It is difficult to find the correct adjectives to describe the latest policy that the mayor of London is adopting and imposing on the city’s besieged Police Commissioner, as she struggles with terrorism, cyber crime, Covid-19, burglary, skyrocketing murders of young black males by other black males, to say nothing of domestic violence, ‘honour based violence,’ sexual offences and fraud. What with also trying to stop continual demonstrations by one extremist group or another, I am surprised Cressida Dick even gets time to sleep.
But let us get back to adjectives to describe this policy of forcing the Met to ensure 40 percent of its new recruits by 2022 are from a Black, Asian and Minority Ethnic (BAME) background. Let me think of some appropriate ones… puerile, naïve, facile, or perhaps ill-considered and lacking in any perception of what has been tried before and failed is more correct.
As a career London police officer who was personally responsible for devising most of the tactics used by the entire Metropolitan Police in Operations Eagle Eye, Safer Streets and Blunt 2, as well as spending most of my working life dealing with inner city crime in such places as Brixton, Shepherd’s Bush and Central London, I might know a bit about street crime, who does it and how you reduce it. Certainly, the last generation of senior Met officers thought so, or they would not have let me play such a pivotal role. When I was responsible for operational leadership of Operation Blunt 2 in 2008, 29 teenagers were murdered that year. By pursuing our strategy, by 2012 we were down to only eight teenage murders a year.
To address one of the ‘elephants in the room,’ I should make it clear that we saved upwards of a hundred teenage lives by focussing dedicated police resources on “putting hands in pockets.” For the uninitiated, in police speak that means stopping and searching those most likely to be involved in street crime and carrying knives. Upwards of 90 percent of the teenagers who were killed in 2008 were black males. But the biggest ‘elephant in the room’ was (and remains) that the people murdering and maiming these mostly black teenagers were… well, mostly black teenagers.
You don’t need to be a rocket scientist to work out that if we wanted to stop all these black youths being murdered by other black youths, then the people we needed to stop and search, and keep stopping and searching, needed to be black youths. So yes, there was and still is a big disproportionality in who is being searched by police. Officers would be incompetent and stupid to be focussing their street crime-control methods on any other ethnic grouping.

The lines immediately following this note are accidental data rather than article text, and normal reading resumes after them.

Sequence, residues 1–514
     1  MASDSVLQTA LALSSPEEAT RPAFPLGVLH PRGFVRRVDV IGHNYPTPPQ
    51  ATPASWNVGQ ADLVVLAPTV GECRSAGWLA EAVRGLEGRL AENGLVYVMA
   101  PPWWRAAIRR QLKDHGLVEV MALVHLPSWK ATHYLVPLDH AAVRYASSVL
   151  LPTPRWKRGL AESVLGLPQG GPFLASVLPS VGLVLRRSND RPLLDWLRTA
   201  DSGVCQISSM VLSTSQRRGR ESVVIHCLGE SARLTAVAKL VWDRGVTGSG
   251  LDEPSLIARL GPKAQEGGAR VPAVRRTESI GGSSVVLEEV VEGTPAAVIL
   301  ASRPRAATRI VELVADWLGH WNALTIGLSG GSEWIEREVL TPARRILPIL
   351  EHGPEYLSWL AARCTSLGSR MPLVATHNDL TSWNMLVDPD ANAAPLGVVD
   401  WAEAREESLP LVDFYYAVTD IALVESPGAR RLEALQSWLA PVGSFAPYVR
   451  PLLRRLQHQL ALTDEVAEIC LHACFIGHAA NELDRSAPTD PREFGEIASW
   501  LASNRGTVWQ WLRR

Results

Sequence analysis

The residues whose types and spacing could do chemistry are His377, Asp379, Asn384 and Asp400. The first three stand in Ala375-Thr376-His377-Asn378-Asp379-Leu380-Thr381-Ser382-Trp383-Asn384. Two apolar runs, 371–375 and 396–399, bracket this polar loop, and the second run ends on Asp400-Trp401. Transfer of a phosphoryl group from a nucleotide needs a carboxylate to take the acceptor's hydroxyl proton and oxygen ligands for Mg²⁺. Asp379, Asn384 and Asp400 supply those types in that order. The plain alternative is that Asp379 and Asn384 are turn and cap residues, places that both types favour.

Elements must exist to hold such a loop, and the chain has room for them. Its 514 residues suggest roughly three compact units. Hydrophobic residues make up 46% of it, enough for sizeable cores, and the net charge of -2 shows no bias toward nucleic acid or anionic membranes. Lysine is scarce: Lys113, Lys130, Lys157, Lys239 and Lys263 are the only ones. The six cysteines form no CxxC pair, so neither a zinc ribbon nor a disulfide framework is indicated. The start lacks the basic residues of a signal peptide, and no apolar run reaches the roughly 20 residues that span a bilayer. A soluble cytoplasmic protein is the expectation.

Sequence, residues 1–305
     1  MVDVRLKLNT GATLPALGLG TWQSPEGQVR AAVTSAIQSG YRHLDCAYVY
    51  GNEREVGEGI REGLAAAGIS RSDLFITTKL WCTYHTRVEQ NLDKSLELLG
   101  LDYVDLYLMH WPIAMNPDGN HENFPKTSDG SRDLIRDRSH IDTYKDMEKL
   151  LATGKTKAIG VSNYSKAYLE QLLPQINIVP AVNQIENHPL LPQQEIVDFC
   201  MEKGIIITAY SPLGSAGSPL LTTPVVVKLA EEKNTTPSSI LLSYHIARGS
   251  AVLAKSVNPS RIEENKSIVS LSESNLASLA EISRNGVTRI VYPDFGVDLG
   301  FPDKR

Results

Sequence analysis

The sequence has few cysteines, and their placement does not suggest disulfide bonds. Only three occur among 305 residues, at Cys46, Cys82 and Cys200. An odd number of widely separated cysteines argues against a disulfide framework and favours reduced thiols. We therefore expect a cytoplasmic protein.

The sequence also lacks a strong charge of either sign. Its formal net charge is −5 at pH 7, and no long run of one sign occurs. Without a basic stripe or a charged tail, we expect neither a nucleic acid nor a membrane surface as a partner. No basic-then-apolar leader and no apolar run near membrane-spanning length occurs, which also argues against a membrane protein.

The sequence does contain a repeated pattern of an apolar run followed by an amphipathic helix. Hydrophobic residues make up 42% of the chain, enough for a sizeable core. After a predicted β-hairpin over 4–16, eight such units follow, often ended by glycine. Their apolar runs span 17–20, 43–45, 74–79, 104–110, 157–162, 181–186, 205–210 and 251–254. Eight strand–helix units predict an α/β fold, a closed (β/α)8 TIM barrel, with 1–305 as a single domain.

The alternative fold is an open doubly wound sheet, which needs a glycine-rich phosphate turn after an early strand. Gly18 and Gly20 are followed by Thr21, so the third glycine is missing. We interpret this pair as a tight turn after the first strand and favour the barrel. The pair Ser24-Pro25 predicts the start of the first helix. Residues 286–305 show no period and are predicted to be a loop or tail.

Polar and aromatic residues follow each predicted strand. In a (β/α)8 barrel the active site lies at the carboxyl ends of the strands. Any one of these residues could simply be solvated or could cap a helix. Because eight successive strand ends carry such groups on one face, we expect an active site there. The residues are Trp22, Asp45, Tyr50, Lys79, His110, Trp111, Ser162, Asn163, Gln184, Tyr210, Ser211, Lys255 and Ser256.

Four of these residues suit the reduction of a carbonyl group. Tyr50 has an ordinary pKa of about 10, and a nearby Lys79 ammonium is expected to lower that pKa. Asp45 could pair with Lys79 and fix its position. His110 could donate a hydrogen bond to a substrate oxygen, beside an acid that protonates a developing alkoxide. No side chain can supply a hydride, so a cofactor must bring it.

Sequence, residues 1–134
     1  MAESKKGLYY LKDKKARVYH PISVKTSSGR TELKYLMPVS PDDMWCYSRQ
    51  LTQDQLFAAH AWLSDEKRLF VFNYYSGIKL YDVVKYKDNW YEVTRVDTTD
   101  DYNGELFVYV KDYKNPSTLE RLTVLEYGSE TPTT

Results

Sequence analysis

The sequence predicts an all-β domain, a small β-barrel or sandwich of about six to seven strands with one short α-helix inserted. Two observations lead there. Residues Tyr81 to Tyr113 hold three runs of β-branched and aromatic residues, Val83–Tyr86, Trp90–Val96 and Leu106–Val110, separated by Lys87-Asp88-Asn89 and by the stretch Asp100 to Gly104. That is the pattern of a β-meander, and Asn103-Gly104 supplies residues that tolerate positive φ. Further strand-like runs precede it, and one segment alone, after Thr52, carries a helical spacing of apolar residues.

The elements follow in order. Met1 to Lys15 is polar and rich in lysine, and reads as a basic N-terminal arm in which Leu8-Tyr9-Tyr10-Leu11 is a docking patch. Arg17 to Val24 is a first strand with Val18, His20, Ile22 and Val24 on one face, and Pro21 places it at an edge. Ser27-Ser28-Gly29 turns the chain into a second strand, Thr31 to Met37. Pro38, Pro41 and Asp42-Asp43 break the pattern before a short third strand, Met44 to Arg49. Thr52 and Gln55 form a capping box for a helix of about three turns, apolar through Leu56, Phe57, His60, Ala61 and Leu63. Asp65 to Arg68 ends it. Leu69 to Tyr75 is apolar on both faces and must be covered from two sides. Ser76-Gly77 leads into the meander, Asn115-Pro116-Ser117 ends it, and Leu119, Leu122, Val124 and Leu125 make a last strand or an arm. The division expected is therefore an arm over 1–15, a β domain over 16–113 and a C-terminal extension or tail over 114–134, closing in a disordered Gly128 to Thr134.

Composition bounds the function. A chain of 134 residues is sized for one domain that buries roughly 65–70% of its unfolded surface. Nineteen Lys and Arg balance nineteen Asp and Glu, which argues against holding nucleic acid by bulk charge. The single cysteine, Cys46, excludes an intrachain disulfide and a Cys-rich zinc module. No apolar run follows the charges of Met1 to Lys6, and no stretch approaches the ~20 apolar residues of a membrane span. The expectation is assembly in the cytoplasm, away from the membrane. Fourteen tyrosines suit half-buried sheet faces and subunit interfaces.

While we are at it, let us deal with another ‘elephant’: most victims of muggings and knife-point street robberies in London describe their attackers as young black males.
That tells me we have a real and enduring problem in London with black youths committing violent street crimes.
There is a problem with this, of course. Young males of whatever ethnicity or religion are basically full of themselves. They do not like being told to behave or to be questioned about their behaviour; it is a normal teenage thing. Any parent or grown-up male will tell you that. So, when a police officer stops a young black male, he does not like it any more than a white or Asian kid would. If that black youth gets stopped again, he likes it even less and will start to think he is being picked-on. In a way he is, but only because of the massive disproportionality of murders of black youths by black youths and the involvement in street crime by so many others.
I understand that resentment. It must be very unpleasant to be a decent black male and keep being stopped. Getting searched by a police officer with black skin and of Jamaican heritage is not going to stop that anger. Nor is any of this helped if the police officer of whatever skin colour overreacts to such resentment or loses their composure.
So, what is all this nonsense by Mayor Khan insisting on having 40 percent BAME in the Met Police, to match the percentage of the city’s population? How is that going to help or make things better? Yes it might make some of our well-meaning liberals or those suffering from post-colonial guilt feel warm and fuzzy to see a Nepali ex-Gurkha walking the beat (not that the police have time for that these days), but I can assure you, having worked with Gurkhas as a soldier, that Nepali police officer will not react well to insults from any black youths he deals with. Fortunately, he will not have his Kukri fighting knife with him.